Developer Benjamin Olson has introduced Waverails for iPad – a modular path-based loop processor, inspired by ‘avant-garde tape music and early electromechanical musical contraptions’.
Instead of recording, overdubbing and splicing together tape, Waverails lets you splice, warp, blend and reverse audio (live input and/or samples) in real-time by using path-based modular components.
Waverails can be used as an audio processor or live performance tool to create effects and performances that aren’t easily replicated in real-time with traditional audio software and effects.
The developer says that Waverails is designed for creating:
- Lo-fi warped sound collages
- Phased loops
- Chopped up real-time glitchy beats
- Massive glittery ambience
- Granular textures
- Harmonic and rhythmic effects that transform input sounds into music
- Audiobus support (filter port)
- Control each modular component’s parameters in real time
- Jump functionality lets you easily set cues and sync object positions and speeds
- Fine grained or musical interval-based speed control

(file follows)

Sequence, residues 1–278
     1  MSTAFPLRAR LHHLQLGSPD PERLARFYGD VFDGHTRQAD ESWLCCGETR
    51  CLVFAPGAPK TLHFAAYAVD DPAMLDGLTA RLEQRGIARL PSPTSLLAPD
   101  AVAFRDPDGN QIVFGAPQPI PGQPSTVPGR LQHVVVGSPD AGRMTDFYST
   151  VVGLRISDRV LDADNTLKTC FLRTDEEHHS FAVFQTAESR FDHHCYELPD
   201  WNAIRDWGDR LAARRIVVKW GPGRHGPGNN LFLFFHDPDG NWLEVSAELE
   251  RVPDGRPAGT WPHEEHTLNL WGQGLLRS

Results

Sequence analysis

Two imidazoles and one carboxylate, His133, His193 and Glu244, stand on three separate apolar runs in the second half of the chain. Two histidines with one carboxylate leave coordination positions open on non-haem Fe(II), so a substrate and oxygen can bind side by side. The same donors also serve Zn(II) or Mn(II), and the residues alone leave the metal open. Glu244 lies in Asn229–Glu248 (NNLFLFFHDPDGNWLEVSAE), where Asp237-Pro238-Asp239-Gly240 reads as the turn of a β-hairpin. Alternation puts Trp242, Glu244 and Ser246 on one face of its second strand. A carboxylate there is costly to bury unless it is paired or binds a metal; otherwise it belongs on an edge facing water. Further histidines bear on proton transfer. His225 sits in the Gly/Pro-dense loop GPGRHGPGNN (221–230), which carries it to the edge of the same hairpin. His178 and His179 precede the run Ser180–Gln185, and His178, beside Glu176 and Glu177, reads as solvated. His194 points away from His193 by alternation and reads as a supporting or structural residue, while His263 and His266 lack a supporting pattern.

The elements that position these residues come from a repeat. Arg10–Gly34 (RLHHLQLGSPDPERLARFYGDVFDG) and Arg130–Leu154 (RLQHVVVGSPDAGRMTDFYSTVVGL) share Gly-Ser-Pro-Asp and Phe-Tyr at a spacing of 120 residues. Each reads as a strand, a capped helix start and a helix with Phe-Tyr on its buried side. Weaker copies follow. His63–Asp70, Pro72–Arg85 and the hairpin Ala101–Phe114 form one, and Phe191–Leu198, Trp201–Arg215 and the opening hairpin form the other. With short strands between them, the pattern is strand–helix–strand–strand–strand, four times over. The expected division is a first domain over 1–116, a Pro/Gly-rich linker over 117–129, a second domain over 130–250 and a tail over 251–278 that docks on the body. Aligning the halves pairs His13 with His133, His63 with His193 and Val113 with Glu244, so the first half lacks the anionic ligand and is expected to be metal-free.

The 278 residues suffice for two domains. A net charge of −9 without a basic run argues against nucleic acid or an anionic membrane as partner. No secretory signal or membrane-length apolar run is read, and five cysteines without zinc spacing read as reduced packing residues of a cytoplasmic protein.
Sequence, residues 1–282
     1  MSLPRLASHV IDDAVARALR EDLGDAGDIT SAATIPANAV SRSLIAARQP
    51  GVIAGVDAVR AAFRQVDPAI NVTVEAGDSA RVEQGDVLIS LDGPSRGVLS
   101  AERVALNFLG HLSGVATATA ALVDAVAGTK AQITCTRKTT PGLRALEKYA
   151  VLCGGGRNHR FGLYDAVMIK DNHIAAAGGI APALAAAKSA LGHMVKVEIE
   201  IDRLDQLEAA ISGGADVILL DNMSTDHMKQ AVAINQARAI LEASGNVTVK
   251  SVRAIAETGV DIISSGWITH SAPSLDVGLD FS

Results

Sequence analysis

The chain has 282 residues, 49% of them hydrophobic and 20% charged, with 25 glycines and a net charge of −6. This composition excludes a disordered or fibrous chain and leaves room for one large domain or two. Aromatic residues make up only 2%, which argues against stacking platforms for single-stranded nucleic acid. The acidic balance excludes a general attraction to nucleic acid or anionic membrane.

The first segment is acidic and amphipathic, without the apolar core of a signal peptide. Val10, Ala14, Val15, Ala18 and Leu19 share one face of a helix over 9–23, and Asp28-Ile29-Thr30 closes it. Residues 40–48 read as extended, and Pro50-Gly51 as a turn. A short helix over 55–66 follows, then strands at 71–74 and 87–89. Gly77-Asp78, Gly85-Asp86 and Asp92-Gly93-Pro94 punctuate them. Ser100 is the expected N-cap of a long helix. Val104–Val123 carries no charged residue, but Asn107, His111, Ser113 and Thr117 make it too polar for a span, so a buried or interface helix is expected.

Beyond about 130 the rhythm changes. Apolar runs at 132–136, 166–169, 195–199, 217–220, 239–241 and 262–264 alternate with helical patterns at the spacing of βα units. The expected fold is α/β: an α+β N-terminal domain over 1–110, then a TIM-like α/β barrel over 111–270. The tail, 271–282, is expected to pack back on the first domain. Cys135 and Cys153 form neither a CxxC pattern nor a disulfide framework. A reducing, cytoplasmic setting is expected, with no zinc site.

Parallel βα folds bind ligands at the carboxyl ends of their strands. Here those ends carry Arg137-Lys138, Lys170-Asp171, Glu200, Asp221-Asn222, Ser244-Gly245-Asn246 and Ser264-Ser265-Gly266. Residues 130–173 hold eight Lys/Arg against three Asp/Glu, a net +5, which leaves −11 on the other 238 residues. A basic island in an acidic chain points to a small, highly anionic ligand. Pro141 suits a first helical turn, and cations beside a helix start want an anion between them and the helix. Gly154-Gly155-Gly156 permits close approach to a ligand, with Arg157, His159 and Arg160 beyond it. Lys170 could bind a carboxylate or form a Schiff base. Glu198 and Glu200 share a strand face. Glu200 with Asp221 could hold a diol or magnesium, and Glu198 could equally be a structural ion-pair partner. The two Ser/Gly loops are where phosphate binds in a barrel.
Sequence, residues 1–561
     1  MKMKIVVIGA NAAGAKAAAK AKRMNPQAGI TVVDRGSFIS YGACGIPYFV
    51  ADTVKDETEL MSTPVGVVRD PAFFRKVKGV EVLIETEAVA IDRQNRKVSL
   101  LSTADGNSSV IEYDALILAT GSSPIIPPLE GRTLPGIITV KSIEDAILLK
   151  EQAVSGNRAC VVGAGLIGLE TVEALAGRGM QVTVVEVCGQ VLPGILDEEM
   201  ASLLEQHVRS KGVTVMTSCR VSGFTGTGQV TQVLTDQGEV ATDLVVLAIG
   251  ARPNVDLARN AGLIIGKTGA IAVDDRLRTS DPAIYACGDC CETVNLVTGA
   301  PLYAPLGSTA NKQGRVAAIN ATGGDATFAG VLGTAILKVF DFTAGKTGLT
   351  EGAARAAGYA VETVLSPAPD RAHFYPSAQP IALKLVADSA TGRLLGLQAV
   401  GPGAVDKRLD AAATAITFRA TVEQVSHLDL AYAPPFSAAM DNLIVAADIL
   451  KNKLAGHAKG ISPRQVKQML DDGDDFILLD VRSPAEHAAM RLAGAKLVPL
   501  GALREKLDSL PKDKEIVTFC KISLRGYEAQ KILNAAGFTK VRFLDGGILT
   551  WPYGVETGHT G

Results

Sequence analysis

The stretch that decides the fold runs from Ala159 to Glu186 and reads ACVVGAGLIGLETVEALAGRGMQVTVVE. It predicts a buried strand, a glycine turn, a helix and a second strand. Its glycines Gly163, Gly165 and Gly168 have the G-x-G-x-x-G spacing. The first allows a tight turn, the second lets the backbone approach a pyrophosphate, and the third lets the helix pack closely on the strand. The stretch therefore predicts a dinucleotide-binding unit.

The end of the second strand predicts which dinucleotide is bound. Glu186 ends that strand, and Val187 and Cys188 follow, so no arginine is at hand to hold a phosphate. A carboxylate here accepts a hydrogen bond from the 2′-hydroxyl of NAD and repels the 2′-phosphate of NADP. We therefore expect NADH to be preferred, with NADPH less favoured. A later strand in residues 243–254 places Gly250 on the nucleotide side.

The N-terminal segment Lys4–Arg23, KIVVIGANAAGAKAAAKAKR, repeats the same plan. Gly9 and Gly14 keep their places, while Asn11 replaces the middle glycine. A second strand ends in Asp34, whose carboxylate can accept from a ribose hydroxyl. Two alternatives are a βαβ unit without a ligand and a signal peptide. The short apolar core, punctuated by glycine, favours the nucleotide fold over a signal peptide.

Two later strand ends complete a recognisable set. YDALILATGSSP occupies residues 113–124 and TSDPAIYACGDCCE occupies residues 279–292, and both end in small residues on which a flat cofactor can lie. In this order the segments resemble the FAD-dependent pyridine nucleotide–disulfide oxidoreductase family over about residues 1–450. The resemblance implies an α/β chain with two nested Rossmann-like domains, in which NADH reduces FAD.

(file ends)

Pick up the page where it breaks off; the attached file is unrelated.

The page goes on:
- BPM control to match audio input tempo
- Perform any task with a few taps, without needing any gestures/long presses.
- No additional hardware or apps required, create new sounds using internal or imported samples
- Info function to share and learn information about custom patches.
Here’s the official video demo:
Pricing and Availability
Waverails is available now as a free download. Full patch editing and save functionality require an in-app purchase.
If you’ve used Waverails, leave a comment and share your thoughts on it!
7 thoughts on “New iPad App, Waverails, Combines Modular Synthesis & Musique Concrete”
5.99 for upgrade,,fyi
Very poor demo. Also I note that when you view the video on youtube the account has commenst disabled. So they don’t want anyone to discuss or criticise the app.
Say one more word and I’m gonna have to put you on the game grid.
Crusty bun…… (I said two words so I’m not sure if that gets me off the game grid or if you meant one word+).
I thought a major point of music concrete was the huge amount of mechanical effort involved.
This is emulated by having iTunes file sharing as the only method of importing samples…